A linguistic look at Hey Arnold!

Arnold is the prototypical 4th grader.  He’s a football-headed, jazz and baseball-loving boy who lives in the city in a multi-racial boarding house with his grandparents, pet pig and numerous others.  Okay, so maybe he’s not the average kid.  The great part of Hey Arnold is the fact that his life is ordinary in the most extraordinary ways possible.  Arnold’s everyday life brings him into contact with people from all different kinds of races, cultures and dialects.  For example, Arnold hangs out with his African American best friend and lives with an Asian American and a man from the former Czechoslovakia.  Language plays an extremely important (albeit sometimes subtle) role in the television show.  While the majority of dialects can be described as Standard English, differing dialects symbolize much more.  In the ten episodes I have assessed for this project, (“6th Grade Girls,” “The Baseball,” “Gerald vs. Jamie O,” “Heat,” “Snow,” “The List,” “The Haunted Train,” “Operation: Ruthless,” “The Vacant Lot” and “Baby Oskar”) there are many varying dialects.  From the superstandard English of nerds and the covert prestige of the working class to African American Vernacular English, code-switching from English to Spanish and Asian, Czech and New York accented English, the show presents many different dialects while also often using them in stereotypical ways.

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Candid language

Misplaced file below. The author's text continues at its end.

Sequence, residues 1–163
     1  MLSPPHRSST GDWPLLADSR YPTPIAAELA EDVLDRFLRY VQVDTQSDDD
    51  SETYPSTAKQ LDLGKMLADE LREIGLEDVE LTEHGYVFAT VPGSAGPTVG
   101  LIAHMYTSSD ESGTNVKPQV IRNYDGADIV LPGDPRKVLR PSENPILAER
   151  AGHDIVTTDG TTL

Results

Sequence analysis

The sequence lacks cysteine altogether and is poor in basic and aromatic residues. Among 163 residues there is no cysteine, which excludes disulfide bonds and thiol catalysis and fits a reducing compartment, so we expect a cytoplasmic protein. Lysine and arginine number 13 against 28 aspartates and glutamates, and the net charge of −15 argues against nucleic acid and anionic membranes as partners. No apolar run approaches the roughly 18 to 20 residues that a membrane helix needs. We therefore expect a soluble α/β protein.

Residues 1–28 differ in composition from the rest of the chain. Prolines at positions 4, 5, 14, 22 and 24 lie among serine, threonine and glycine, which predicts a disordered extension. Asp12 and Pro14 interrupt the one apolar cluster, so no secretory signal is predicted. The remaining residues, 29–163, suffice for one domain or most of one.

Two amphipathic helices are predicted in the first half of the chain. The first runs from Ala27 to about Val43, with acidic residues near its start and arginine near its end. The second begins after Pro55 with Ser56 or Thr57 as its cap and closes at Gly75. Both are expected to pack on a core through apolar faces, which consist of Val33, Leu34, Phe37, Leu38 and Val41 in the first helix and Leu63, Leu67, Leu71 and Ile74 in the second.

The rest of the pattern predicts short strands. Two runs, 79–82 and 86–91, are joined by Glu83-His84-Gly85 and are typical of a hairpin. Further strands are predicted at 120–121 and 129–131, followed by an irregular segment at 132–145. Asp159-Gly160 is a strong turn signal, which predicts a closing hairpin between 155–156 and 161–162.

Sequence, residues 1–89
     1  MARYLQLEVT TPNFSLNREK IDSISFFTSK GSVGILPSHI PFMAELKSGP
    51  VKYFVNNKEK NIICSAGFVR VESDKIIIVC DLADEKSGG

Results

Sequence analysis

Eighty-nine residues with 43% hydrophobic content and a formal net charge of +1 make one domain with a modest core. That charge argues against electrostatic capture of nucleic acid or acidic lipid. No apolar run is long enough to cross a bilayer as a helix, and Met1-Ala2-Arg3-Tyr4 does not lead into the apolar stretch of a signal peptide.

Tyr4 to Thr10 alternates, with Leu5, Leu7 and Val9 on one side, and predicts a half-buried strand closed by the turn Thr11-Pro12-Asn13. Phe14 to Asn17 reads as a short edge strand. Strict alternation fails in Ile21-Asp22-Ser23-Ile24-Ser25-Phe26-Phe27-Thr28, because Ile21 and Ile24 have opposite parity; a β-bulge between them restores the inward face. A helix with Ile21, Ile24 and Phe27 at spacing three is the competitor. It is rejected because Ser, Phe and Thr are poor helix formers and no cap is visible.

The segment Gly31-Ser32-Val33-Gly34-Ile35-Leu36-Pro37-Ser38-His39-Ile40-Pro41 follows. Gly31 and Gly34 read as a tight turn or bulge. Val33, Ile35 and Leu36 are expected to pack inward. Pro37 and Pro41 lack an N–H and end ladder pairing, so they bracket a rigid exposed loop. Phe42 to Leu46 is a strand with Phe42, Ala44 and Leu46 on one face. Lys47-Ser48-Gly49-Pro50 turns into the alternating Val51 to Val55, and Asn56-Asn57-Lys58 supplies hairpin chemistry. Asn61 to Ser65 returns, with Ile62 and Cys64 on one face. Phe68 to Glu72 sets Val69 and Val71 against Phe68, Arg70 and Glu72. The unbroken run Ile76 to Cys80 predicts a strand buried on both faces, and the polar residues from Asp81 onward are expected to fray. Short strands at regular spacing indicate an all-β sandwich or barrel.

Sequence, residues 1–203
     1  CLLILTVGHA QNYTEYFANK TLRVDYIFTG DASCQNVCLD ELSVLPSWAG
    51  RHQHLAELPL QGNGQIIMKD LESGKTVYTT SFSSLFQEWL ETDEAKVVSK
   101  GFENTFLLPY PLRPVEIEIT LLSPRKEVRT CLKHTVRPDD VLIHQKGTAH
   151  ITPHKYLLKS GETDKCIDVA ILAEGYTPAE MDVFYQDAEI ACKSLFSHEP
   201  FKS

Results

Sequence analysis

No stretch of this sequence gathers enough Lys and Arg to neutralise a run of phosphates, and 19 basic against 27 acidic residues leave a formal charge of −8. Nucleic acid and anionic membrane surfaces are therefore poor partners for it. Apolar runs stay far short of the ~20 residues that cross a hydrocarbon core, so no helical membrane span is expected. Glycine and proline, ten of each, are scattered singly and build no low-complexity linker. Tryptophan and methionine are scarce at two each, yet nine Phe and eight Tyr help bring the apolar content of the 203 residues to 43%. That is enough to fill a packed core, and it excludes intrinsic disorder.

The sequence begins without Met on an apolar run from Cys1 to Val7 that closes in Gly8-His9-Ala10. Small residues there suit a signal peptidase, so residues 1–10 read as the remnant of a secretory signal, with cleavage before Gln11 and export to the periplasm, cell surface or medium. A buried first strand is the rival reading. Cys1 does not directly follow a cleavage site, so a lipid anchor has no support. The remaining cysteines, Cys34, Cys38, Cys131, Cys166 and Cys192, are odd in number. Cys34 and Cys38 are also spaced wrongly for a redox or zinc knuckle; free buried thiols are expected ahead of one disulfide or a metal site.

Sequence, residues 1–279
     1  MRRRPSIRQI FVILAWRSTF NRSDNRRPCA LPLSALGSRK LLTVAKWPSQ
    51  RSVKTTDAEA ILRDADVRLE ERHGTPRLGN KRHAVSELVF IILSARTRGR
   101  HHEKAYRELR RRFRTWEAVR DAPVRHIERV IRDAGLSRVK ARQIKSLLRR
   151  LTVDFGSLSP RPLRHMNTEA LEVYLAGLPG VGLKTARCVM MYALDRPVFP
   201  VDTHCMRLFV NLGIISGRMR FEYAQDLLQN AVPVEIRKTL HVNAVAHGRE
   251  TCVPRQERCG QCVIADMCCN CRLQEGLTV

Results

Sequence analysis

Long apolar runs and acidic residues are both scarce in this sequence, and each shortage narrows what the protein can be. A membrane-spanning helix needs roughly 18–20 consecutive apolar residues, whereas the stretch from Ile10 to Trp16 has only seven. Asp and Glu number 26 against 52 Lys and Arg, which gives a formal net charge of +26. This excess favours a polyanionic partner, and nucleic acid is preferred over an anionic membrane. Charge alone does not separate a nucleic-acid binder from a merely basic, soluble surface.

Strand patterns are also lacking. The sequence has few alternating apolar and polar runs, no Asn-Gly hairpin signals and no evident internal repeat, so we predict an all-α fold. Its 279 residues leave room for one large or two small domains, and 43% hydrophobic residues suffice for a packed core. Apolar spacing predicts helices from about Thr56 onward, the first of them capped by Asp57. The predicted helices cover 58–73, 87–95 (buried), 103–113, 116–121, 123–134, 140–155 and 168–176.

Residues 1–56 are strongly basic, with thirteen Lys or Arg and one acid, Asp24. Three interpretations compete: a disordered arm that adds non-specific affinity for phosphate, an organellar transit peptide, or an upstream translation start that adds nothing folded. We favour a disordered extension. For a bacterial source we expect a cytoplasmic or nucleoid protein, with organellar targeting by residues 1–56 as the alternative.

The power of language helps take readers to a place they could only imagine in their wildest dreams.  It allows them to envision grand earthquakes and utopias.  It lets them see the world on a deeper level than just the sometimes uniform world around them.  Language lets writers tell a story, regardless of how farfetched or enchanted it might be if it were actually true.  It helps them to convey certain messages through symbols and analogies.  It encourages them to point out the fallacies and contradictions in common belief.  Most of all, it brings together the two groups to create an interesting, unusual interaction.  Without language, the world would truly be in the dark.  Without this communication, people would have no way to dissent, no way to have their opinion known, no way to tell stories. With language, people have power.  But what is this power if there is no style along with it?  Anyone can throw words together to make a sentence, to let their voice be heard.  But without some sense of a particular peculiarity and character, this diction will never be more than just words.  To truly make a point clear, a writer must develop his story by challenging the reader with language and ideas that sometimes contradict each other but work in a way that they serve a deeper purpose.  Voltaire thoroughly wields this power in Candide by using literary devices and stylized language to clearly demonstrate his critiques on optimism, war, and blissful ignorance.

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